Registered: 12/2/2009
Posts: 4570

Re: The Book Thread

If it matters to you at all Sulli, I really liked Foundation (i've only read the first so far, i'll be getting to the rest when i'm done with school reading). By the way, what do you guys mean by "hard sci-fi"?


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#43 7/10/2012 3:33 am

shaft711
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From: Massachusetts
Registered: 5/17/2011
Posts: 2264

Re: The Book Thread


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#44 7/10/2012 3:46 am

sulliman1
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Registered: 11/5/2009
Posts: 2673

Re: The Book Thread

It matters man. What're you reading for school?

Generally it appears that "hard" sci-fi has roots in real science, as in using real phenomena that could actually be possibly incorporated into future technology, while bubble gum sci fi will use any imaginable concept with little to no scientific basis. Too lazy to look up examples. Lots of pointless arguments out there on what is harder/hardest and where to draw the line, and it's always good to keep in mind Arthur C. Clarke: "Any sufficiently advanced technology is indistinguishable from magic." We've come such a long way in the last century and have inventions that previous generations could hardly dream of as our understanding of the universe has increased, so who's to say what is and isn't possible? As silly of an argument as it is, reading "harder" sci-fi generally is more enjoyable because the author more thoroughly researches their technology, and as such you learn more, the rules of the fictional universe are more firmly established so cheap plot devices--things  like deus ex machina--are less common, and the writing style is often more intelligent and mature. However, that's not to throw out the other end of the spectrum completely, because people can construct incredibly creative universes where different rules of physics apply.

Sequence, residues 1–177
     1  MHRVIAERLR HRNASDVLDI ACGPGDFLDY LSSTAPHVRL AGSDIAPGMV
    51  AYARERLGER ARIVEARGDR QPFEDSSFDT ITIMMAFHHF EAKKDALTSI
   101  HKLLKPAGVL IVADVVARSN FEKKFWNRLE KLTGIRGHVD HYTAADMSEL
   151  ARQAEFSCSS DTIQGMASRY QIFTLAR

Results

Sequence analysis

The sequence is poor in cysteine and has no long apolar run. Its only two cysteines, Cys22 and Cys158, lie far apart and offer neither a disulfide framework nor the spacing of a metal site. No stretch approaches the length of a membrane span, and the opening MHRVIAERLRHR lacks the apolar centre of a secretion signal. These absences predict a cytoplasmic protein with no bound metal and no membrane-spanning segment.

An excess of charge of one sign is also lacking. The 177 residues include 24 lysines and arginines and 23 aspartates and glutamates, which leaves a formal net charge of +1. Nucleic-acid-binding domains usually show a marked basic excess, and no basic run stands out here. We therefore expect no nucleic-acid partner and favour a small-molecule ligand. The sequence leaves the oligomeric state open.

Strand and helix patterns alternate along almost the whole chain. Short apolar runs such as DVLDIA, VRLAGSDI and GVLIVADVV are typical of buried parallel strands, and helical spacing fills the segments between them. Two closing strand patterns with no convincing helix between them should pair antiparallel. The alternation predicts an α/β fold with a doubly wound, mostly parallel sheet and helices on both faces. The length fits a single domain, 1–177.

That was my best post in a while I think


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#45 7/10/2012 3:57 am

Walrus King
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From: Tennessee
Registered: 12/2/2009
Posts: 4570

Re: The Book Thread

Walrus King wrote:

I have to read The Stranger and Pilgrim's Progress for school summer reading.

I finished The Stranger and I just started Pilgrims Progress yesterday.


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#46 7/10/2012 4:04 am

sulliman1
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Registered: 11/5/2009
Posts: 2673

Re: The Book Thread

oh right you told us that my b


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#47 7/10/2012 5:06 am

Walrus King
Member
From: Tennessee
Registered: 12/2/2009
Posts: 4570

Re: The Book Thread

MiseryLovesCompany wrote:

This topic is a mimic of the Movie List post but for books
Bold=Author
Italics=The person who suggested the book

Fiction

The Kite Runner [Khaled Hosseini]
Super Humans [Michael Carroll]
Twilight [Stephenie Meyer]
Harry Potter [J. K. Rowling]
To Kill a Mocking Bird [Harper Lee]
Gone with the Wind [Margaret Mitchell]
The Outsiders [S. E. Hinton]
Darkness at Noon (sulliman1) [Arthur Koestler]

Science Fiction
Second Variety (sulliman1) [ Philip K. Dick]
Enders Game [Orson Scott Card]